Tuesday, November 11, 2014

Armistice Day


This year marks the 100th anniversary of the start of World War One in Europe, and the 96th anniversary of what used to be called Armistice Day, the day the guns fell silent after four years of slaughter in  fighting conditions unbearable to modern eyes. Soldiers fought in the dirt under fire, with the constant fear of gas, high explosive or physical attack and their terms of service lasted until they were killed, invalided out with horrible wounds, or the war ended. It was out of this savagery that some great poetry emerged. 
This BBC  article offers a fascinating, if mild, view of life was lived in  the trenches in this four years.(Link)
Perhaps people were made of sterner stuff but I don't think trench life was a picnic in 1914-1918. When it rained the trenches turned to mud holes, when it snowed soldiers froze, when it was sunny they lived in dust holes. Every gallon of water had to be carried to the front lines, food was not so great, and the constant stress of the fear of being killed or injured never left you. Your feet rotted from trench foot, wounds went septic as antibiotics had yet to be invented and anesthesia was not a very refined art at all when it was available. I read an eyewitness account of life in the trenches decades ago so vivid it never left me. Now it's offered free on Amazon: Between The Lines Link. If the dialect is sometimes too thick I can at least advise the book is free!
I grew up in the shadow of World War Two and have seen the 20th century conflicts in the arena of television. I have found myself in the middle of armed conflict, as a reporter, and have found myself not liking it at all. To feel alive I'd rather be riding a motorcycle than to be shot at, even without effect to paraphrase Winston Churchill. However the awfulness of World War One, particularly on the Western Front has remained impressed on me, above all other wars of the 20th century. None of them were nice, this one was the worst, inasmuch as an observer through time can gauge these things. Battlefield stress was treated as cowardice and cowards were shot, not treated. And after the war millions died from the Spanish Flu which further wrecked the chance at delayed happiness for millions more. And now, none are left who lived it.
A flooded trench during World War One
This past weekend was Remembrance Sunday across much of the English speaking world, a time in Britain and the Commonwealth when people buy paper poppies in support of veterans' causes, the poppies a symbol of the flowers found in the fields of Flanders where the trenches were dug. Symbolic too of the blood that flowed. November the Eleventh is known as poppy day.
 
The Armistice it was agreed would end the war at the eleventh hour of the eleventh day of the eleventh month of 1918, a  stupidly  protracted agreement that was supposed to give both sides time to lay down their arms. In the event it allowed a couple more days of killing as the slaughter continued until that very moment. Canadian George Price was killed two minutes before eleven o'clock that morning after serving throughout the last year of the war. Better known  poet Wilfred Owen was shot and killed on November 4th, a week before the Armistice took effect. He had a rather ironic take on the idea that it is right and proper to die for one's country.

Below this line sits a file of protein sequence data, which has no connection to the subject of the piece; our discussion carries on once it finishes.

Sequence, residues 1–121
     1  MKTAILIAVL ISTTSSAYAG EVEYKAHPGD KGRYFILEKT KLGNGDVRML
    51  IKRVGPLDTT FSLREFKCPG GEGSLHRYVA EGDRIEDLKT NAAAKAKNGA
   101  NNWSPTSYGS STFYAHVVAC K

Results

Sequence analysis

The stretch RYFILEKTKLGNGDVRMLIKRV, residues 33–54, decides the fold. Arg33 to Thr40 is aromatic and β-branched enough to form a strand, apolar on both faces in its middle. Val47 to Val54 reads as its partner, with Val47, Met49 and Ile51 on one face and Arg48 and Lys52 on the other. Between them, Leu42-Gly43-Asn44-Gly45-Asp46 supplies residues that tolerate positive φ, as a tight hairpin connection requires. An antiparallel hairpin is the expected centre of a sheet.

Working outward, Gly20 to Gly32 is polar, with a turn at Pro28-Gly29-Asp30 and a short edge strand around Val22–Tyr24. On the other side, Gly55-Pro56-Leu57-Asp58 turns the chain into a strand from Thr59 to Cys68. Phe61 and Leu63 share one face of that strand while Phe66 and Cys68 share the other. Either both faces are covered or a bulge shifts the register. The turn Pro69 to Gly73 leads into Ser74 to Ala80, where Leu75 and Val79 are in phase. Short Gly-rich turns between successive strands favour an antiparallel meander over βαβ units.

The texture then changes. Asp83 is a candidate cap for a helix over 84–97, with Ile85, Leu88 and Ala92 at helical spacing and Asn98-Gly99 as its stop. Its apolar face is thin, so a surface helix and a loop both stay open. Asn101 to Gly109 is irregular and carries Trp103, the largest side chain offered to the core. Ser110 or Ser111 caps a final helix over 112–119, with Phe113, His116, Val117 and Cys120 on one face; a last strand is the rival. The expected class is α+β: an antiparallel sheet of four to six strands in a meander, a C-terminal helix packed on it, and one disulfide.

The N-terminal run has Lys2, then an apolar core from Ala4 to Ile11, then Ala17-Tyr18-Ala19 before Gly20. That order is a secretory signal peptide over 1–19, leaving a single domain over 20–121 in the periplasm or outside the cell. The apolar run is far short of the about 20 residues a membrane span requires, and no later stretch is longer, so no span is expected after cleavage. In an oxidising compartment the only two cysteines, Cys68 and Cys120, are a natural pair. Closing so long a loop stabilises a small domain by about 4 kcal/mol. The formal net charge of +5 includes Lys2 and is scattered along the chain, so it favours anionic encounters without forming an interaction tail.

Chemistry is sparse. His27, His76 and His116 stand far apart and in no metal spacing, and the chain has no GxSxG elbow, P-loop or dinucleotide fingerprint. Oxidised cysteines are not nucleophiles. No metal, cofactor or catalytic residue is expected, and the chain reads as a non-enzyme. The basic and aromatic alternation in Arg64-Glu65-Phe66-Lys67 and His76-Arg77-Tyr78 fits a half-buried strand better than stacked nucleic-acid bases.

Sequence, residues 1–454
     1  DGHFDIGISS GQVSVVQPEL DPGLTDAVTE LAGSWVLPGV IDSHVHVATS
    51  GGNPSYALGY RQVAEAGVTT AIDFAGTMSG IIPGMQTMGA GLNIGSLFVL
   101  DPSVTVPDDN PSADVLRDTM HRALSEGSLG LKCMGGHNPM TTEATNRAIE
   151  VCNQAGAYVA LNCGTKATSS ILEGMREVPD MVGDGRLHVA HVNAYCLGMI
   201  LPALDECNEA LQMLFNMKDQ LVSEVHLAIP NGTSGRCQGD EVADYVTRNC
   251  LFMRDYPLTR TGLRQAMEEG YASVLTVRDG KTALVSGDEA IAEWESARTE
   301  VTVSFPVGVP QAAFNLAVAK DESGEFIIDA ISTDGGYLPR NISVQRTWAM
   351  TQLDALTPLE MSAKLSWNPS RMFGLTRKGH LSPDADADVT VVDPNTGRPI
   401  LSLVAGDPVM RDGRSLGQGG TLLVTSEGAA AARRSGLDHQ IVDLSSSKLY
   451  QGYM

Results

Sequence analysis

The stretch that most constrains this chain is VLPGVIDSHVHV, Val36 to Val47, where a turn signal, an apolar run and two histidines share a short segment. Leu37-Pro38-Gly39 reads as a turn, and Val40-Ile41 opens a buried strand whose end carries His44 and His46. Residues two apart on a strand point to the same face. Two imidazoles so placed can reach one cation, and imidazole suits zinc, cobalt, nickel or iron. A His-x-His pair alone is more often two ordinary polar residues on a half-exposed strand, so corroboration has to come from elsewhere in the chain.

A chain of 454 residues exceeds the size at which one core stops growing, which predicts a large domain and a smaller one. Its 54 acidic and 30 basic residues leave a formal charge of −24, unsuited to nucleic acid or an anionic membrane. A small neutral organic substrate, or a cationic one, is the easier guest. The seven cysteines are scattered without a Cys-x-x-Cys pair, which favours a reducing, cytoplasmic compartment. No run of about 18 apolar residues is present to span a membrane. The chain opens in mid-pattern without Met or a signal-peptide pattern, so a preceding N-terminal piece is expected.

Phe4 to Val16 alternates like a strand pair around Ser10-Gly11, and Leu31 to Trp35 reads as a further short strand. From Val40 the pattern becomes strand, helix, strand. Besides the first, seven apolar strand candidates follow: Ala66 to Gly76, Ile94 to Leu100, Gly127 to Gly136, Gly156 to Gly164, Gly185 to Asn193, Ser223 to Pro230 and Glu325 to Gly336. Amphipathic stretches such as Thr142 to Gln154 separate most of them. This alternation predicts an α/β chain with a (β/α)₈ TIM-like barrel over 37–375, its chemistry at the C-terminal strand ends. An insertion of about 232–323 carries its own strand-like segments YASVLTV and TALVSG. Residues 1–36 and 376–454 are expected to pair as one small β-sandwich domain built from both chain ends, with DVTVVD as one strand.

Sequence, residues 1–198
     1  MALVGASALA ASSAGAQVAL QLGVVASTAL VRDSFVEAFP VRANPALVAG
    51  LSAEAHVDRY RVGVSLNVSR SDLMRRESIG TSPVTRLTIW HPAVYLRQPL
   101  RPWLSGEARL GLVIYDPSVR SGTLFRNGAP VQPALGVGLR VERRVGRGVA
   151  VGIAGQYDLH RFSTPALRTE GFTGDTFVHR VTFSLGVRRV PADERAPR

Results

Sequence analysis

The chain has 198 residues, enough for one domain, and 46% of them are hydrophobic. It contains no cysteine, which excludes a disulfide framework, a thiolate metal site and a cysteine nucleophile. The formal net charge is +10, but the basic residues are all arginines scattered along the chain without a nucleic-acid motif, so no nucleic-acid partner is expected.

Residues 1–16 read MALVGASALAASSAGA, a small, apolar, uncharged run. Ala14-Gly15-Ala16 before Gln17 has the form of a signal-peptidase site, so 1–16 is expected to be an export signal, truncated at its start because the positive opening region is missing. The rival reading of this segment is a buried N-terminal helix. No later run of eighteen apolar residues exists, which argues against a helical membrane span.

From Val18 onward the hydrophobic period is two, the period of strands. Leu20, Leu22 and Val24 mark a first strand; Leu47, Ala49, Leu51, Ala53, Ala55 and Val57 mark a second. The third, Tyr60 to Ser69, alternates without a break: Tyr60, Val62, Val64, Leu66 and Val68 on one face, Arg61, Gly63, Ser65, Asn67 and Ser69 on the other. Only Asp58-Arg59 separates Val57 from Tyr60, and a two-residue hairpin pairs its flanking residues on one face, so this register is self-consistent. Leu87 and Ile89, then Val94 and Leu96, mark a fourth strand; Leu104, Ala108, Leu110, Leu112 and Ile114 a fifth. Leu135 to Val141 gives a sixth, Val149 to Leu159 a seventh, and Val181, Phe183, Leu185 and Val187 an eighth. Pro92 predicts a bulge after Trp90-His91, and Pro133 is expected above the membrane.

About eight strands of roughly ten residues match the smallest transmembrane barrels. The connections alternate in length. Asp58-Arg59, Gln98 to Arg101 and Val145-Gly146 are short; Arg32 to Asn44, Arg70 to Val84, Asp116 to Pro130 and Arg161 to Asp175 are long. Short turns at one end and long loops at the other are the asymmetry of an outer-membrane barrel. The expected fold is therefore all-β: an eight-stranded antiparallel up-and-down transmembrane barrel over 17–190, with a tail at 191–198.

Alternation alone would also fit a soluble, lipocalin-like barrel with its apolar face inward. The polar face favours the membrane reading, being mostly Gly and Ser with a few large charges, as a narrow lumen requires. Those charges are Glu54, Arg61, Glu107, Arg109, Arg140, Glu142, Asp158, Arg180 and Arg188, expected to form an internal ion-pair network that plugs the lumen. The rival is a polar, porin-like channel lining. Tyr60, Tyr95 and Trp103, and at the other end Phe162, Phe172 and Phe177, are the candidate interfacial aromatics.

Bent double, like old beggars under sacks,
Knock-kneed, coughing like hags, we cursed through sludge,
Till on the haunting flares we turned our backs
And towards our distant rest began to trudge.
Men marched asleep. Many had lost their boots
But limped on, blood-shod. All went lame; all blind;
Drunk with fatigue; deaf even to the hoots
Of disappointed shells that dropped behind.

GAS! Gas! Quick, boys!-- An ecstasy of fumbling,
Fitting the clumsy helmets just in time;
But someone still was yelling out and stumbling
And floundering like a man in fire or lime.--
Dim, through the misty panes and thick green light
As under a green sea, I saw him drowning.

In all my dreams, before my helpless sight,
He plunges at me, guttering, choking, drowning.

If in some smothering dreams you too could pace
Behind the wagon that we flung him in,
And watch the white eyes writhing in his face,
His hanging face, like a devil's sick of sin;
If you could hear, at every jolt, the blood
Come gargling from the froth-corrupted lungs,
Obscene as cancer, bitter as the cud
Of vile, incurable sores on innocent tongues,--
My friend, you would not tell with such high zest
To children ardent for some desperate glory,
The old Lie: Dulce et decorum est
Pro patria mori.













3 comments:

David Masse said...

War is by far the worst plague. All others kill dispassionately, micro-organisms following their hard-coded algorithms. We bring our collective intelligence to bear to defeat disease.

War however is a plague driven by our intelligence. Over time we have worked hard to invent weapons that make killing more efficient.

We are unusually blessed, you and I, to have been spared warfare.

Scootard said...

Lt. Col. John McRae, a Canadian Physician wrote:

In Flanders fields the poppies blow
Between the crosses, row on row,
That mark our place; and in the sky
The larks, still bravely singing, fly
Scarce heard amid the guns below.

We are the Dead. Short days ago
We lived, felt dawn, saw sunset glow,
Loved and were loved, and now we lie
In Flanders fields.

Take up our quarrel with the foe:
To you from failing hands we throw
The torch; be yours to hold it high.
If ye break faith with us who die
We shall not sleep, though poppies grow
In Flanders fields.

Chokes me up every time I read it.
Written in 1915, Canada eventually lost 56,000 men out of a population of 8,000,000 in WW1

Conchscooter said...

In Flanders Field. Always worth a read.